He smiled slightly. He was trying to fight it—whatever feeling had been hounding him. “I’ve never seen you look lovelier.” He eyed the bed. “Do you mind if I lie down? I’m exhausted.”
She didn’t object as he removed his boots and unbuttoned his jacket. With a groan, he stretched out beside her, putting his hands on his stomach. She watched him close his eyes and let out a long breath through his nose. Some semblance of normalcy returned to his face.
“How’s Chaol?” she asked, tensing. She remembered the spray of blood and his staring, horrified face.
Dorian opened an eye. “He’ll be fine. He took yesterday and today off. I think he needs it.” Celaena’s heart tightened. “You shouldn’t feel responsible,” he said, turning onto his side to look directly into her face. “He did what he saw fit.”
“No,” insisted Dorian. “Chaol knew what he was doing.” He brushed a finger down her cheek. His finger was icy, but she held in her shiver. “I’m sorry,” he said again, taking his finger from her face. “I’m sorry I didn’t save you.”
“What are you talking about? That is what you’ve been agonizing over?”
“I’m sorry I didn’t stop Cain the moment I knew something was wrong. Kaltain drugged you, and I should have known—I should have found a way to prevent her from doing it. And when I realized you were hallucinating, I . . . I’m sorry I didn’t find a way to stop it.”
Green skin and yellow fangs flashed before her eyes, and Celaena’s aching fingers curled into a fist. “You shouldn’t be sorry,” she said, not wanting to speak about the horrors that she’d seen, or of Kaltain’s treachery, or what Nehemia had confided in her. “You did as anyone would have—should have done. If you’d interfered, I would have been disqualified.”
“I should have sliced Cain open the moment he laid a hand on you. Instead, I stood there as Chaol knelt at the sidelines. I should have been the one to kill Cain.”
The demons faded, and a smirk spread. “You’re starting to sound like an assassin, my friend.”
“Perhaps I spend too much time around you.” Celaena moved her head from the pillow to rest in the soft space between his shoulder and chest. Heat rushed through her. Though her body almost seized up in agony as she turned over, Celaena put her injured hand on his stomach. Dorian’s breath was warm on her head, and she smiled as he brought his arm around her, cupping her shoulder. They were silent for a while.
“Dorian,” she began, and he flicked her on the nose. “Ow,” she said, wrinkling her nose. Though her face was peppered with bruises, miraculously, Cain hadn’t marred her in any permanent way, though the cut on the leg would leave yet another scar.
“Yes?” he said, resting his chin on her head.
She listened to the sound of his heart beating, the steadiness of it. “When you retrieved me from Endovier—did you actually think I’d win?”
“Of course. Why else would I have bothered to journey so far to find you?”
She snorted onto his chest, but he gently lifted her chin. His eyes were familiar—like something she’d forgotten. “I knew you’d win the moment I met you,” he whispered, and her heart writhed as she understood what lay before them. “Though I’ll admit that I didn’t quite see this coming. And . . . no matter how frivolous and twisted that competition was, I’m grateful it brought you into my life. As long as I live, I’ll always be thankful for that.”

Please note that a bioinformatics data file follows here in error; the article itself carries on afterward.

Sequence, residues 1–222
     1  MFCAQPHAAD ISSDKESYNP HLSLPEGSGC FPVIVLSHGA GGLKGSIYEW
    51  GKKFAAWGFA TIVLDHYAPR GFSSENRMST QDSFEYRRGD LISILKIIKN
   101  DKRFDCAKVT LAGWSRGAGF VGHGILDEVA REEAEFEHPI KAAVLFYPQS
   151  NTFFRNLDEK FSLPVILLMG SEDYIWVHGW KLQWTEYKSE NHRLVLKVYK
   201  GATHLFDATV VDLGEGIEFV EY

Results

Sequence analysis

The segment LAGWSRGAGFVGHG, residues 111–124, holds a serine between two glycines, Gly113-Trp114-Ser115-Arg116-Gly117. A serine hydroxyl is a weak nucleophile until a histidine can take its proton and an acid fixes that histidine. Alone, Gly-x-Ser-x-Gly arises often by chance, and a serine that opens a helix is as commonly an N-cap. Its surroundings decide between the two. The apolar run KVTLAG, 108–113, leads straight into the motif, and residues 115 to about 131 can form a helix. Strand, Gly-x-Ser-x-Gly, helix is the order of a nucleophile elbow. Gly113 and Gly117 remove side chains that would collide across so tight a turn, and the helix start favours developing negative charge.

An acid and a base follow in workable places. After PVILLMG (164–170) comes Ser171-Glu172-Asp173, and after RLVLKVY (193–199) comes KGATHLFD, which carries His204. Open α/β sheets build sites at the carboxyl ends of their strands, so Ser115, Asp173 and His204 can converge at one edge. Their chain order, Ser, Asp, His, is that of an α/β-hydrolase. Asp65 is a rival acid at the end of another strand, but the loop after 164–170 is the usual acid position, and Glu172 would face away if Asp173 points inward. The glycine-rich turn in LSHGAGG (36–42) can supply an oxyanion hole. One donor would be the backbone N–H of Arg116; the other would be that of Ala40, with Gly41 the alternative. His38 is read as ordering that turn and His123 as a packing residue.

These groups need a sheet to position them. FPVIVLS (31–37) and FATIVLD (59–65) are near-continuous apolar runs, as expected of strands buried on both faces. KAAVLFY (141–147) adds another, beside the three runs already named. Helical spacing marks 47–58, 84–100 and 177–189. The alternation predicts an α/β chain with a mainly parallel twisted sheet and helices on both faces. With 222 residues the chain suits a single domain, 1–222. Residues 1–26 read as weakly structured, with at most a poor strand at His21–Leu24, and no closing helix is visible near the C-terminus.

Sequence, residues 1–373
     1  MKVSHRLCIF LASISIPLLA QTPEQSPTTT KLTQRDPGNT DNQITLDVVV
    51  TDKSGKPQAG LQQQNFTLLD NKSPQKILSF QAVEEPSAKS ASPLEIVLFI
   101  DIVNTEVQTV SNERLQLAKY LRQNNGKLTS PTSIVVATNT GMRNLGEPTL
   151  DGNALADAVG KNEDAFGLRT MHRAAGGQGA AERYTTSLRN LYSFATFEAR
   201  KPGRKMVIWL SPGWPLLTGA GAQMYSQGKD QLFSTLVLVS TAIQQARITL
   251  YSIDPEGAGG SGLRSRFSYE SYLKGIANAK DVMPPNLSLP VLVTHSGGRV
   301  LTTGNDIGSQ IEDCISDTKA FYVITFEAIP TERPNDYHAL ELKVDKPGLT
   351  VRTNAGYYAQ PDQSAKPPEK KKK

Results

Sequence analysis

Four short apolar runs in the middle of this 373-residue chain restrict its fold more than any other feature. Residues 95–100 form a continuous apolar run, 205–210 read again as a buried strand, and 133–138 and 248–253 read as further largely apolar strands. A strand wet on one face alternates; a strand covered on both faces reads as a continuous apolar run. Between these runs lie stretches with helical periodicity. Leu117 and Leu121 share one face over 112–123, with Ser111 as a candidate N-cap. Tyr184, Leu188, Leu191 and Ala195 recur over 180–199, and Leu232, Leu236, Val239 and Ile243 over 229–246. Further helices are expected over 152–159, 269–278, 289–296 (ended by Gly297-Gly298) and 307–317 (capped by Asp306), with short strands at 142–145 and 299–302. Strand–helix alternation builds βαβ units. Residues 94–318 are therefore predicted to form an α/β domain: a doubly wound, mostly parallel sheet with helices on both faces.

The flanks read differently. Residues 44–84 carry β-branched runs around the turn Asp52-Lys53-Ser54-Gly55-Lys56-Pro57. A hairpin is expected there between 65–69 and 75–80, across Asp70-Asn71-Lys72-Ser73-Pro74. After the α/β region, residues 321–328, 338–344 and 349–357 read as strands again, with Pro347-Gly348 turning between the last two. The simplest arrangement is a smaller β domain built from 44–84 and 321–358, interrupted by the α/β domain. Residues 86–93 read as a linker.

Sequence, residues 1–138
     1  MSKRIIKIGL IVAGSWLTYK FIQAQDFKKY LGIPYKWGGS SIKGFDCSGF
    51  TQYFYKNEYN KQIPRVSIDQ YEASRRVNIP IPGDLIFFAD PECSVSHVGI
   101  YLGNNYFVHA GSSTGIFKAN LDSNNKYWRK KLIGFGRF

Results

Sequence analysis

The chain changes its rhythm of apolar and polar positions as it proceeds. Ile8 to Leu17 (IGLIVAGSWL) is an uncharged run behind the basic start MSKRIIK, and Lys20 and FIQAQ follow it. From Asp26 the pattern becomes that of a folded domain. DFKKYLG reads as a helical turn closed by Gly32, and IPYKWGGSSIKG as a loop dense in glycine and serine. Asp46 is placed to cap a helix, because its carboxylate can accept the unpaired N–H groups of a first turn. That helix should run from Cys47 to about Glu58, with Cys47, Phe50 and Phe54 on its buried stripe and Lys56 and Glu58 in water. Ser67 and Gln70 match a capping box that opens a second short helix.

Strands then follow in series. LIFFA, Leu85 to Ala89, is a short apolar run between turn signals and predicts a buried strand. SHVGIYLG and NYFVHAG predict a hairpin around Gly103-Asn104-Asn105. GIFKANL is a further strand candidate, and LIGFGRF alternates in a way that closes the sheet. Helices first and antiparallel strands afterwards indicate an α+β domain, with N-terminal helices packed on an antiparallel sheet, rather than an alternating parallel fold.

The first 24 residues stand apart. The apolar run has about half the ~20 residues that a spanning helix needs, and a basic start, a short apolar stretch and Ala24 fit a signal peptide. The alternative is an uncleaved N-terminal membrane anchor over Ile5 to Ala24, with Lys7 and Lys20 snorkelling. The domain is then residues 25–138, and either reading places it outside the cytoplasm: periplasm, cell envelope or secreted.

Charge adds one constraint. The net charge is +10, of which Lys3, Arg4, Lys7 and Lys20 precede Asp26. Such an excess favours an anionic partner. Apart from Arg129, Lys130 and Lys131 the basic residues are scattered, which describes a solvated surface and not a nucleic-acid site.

“Do you intend to make me cry, or are you just foolish?”
Dorian leaned forward and kissed her. It made her jaw hurt.
Seated on his glass throne, the King of Adarlan stroked Nothung’s pommel. Perrington knelt before him, waiting. Let him wait.
Though the assassin was his Champion, he had yet to send her contract. She was close with both his son and Princess Nehemia; would appointing her somehow be a risk?
But the Captain of the Guard trusted the assassin well enough to save her life. The king’s face became like stone. He wouldn’t punish Chaol Westfall—if only to avoid Dorian raising hell in the captain’s defense. If only Dorian had been born a soldier, not a reader.
But there was a man somewhere in Dorian—a man who could be honed into a warrior. Perhaps a few months at the battlefront would do him some good. A helmet and a sword could do wondrous things to a young man’s temperament. And after that show of will and power in his throne room . . . Dorian could be a strong general, if he was pushed.
And as for the assassin . . . once her injuries were healed, what better person to have at his bidding? Besides, there were no others in whom he could place his trust. Celaena Sardothien was his best and only choice now that Cain was dead.
The king traced a mark on the glass arm of his seat. He was well versed in Wyrdmarks, but he’d never seen one like hers. He would find out. And if it were an indication of some fell deed or prophecy, he’d have the girl hanging by nightfall. Seeing her thrash about while drugged had almost convinced him to order her death. But then he’d felt them—felt the angry and furious eyes of the dead . . . Someone had interfered and saved her. And if these creatures both protected and attacked her . . .
Perhaps she was not a person to die at his command. Not before he discovered the meaning of her mark. For now, though, he had more important things to worry about.
“Your manipulation of Kaltain was interesting,” said the king at last. Perrington remained kneeling. “Were you using the power on her?”
“No; I’ve relaxed it recently, as you suggested,” the duke replied, rotating the obsidian ring around his thick finger. “Besides, she was starting to look noticeably affected—drained and pale, and she even mentioned the headaches.”